Fitness instructors everywhere recognize this ritual as the structure of every class: warm-up, cardio, conditioning, cool-down, and laundry. After every class, there’s laundry. No matter how basic the class or how simple the cardio, instructors everywhere reach deep into their spandex for another coin for the dryer.

 The other day, while carrying a load from the Neighbourhood Laundromat (Cecelia has banned me from our own laundry room for one hygienic indiscretion or another) , I contemplated how to declare laundry as a business expense on my income tax. “If there wasn’t a line for it on the form,” I thought, “There ought to be. My laundry budget is greater than my fitness income.”

 It was Thursday night – garbage day. I noticed a garbage bag in the lane. It vibrated. Either something inside needed to get out, or something outside needed to get in. Moving closer to investigate, I heard scratching on the other side of the bag. I reasoned that the vibration resulted from the busy scratching of some urban animal trying to break into the bag to strew rubbish all over the vicinity.

 Seeking to perform one of my public services that would look good on my resume, I sneaked up the critter and shouted, “AHA, I CAUGHT YOU RED PAWED, YOU LITTLE VAR . . .”

 I realized my mistake. The animal had black fur with vivid white stripes. Millennia of evolution and species recognition dictate that you don’t mess with black furry animals with white stripes. “AHA YOURSELF!” said the skunk as he maneuvered his hindquarters so I could receive the full impact of his presence.

 Several thoughts enter one’s mind after a skunk spraying. The most prominent one is about tomato juice. “Get tomato juice,” I said to myself as I darted up the street to the grocery store that was about to close.

 “I NEED TOMATO JUICE,” I said to the grocer while rattling the bars on the doors he just locked.

 “Stay out,” he said, gasping for air. “I’ll get it for you.”

 He returned with a forty-eight once can. “I need more,” I said. “I’ll pay you later. I spent all my money on the laundry.” 

 The grocer didn’t argue. He returned with two more cans. “What do you use for detergent?” He asked.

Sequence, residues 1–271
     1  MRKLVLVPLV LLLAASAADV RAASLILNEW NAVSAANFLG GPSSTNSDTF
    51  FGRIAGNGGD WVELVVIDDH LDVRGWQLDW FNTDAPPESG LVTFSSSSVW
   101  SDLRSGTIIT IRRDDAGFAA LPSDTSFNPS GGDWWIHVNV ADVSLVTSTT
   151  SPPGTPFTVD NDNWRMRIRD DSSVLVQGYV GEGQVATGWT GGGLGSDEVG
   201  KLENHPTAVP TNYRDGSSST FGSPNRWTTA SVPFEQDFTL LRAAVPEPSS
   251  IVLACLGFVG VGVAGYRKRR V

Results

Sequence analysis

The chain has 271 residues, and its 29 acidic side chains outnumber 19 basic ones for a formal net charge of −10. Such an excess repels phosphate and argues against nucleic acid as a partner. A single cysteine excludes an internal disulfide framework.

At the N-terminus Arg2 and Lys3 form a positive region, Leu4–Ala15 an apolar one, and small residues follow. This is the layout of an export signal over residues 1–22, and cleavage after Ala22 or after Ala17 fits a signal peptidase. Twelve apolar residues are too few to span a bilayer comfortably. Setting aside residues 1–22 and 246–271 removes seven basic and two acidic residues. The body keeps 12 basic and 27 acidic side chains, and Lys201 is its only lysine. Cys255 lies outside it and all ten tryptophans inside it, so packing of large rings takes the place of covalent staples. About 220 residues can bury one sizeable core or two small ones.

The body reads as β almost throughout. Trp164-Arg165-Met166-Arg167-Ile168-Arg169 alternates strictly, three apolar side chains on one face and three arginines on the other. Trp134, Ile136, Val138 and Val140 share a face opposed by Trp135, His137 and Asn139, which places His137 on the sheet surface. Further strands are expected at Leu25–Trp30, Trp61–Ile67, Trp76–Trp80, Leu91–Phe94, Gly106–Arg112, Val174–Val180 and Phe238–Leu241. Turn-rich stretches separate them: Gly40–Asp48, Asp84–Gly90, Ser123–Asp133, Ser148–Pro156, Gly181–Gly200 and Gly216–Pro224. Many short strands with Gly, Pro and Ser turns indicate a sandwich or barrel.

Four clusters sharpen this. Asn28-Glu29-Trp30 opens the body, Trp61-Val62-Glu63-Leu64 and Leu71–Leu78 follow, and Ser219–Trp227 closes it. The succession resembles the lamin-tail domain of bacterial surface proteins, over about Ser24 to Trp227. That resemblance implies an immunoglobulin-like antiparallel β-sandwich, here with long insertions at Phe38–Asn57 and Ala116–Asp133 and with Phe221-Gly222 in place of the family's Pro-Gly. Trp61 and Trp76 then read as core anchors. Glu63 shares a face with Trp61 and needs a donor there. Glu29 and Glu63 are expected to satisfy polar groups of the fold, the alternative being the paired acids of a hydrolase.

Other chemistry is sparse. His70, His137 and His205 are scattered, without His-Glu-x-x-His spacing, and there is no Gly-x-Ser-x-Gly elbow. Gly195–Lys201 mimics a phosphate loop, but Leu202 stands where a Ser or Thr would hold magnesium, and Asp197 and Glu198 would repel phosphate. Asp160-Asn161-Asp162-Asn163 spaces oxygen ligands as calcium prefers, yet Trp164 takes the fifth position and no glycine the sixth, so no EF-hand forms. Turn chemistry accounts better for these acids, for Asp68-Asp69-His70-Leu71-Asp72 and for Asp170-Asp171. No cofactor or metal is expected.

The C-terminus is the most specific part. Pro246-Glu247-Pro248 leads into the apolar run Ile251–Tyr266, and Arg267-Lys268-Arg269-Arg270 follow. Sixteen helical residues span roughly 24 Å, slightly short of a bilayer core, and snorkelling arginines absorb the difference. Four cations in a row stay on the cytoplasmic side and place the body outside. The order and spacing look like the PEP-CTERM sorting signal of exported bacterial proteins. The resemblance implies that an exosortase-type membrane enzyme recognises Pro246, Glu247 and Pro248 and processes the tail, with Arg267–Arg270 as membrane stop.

Anecdotally, people always tell you that tomato juice is good for skunk spray, but they don’t tell you what to do with it. Do you drink it and wait for the wonders of digestion to carry it to your skin to stifle the skunk molecules? Do you bathe in it and apply the skunk smothering juice directly to the perfume?  Either way, how do you get the juice out of the can without a can opener. Nobody carries a can opener on laundry day, and I couldn’t march my skunk-soaked carcass into my house.

 I opted to wash myself off with it in the alleyway using my sprayed laundry as an applicator and the blade of my trusty Swiss Army Knife as an opener.

 By Friday evening, most of the smell disappeared. An aftertaste, however, lingered. Food still tasted like a skunk. In class, everyone noticed the red splotches on my spandex gear, but nobody got close enough to ask.

 Mike Broderick , a one- time archaeologist, is a Vocational Rehabilitation Counsellor with the Fraser Health Authority in Port Coquitlam where he helps people with mental health disabilities find and keep full or part time employment .
He WAS the Employment Specialist for the Neil Squire Society in Burnaby where he found employment for people with physical disabilities, A Supported Employment Coordinator at THEO BC (now the Open Door Group), and a case manager at Community Fisheries Development Centre where he helped people move from the fishing industry to something else because there, “Aint no fish.” This means he is VERY familiar with how a modern day resume should look.
He is an active ambassador with the Vancouver Board of Trade and a member of the Labour Task Force of the Burnaby Board of Trade He does some work as a field Archaeologist, is a fitness instructor and frequent contributor of fitness humour articles to Alive Magazine. He is always saying, “If you can’t be fit, you can at least be funny.”
He lives in Port Coquitlam with his spouse Cecelia. You can reach him at home at or at 604-464-4105. If you’re looking for a career change, he is the Spin Doctor and can give you a resume makeover at competitive rates.




  1. Sharon Says:

    Hilarious/tragic! Sounds like you made a good decision about how to use the tomato juice, since most of the smell went away. Laundry expenses are deductible under misc. business expenses. Just keep a tab. FYI, I wouldn’t put spandex in a dryer, esp. a commercial one. Dry on a hanger. The spandex will last longer. Great job, Mike.

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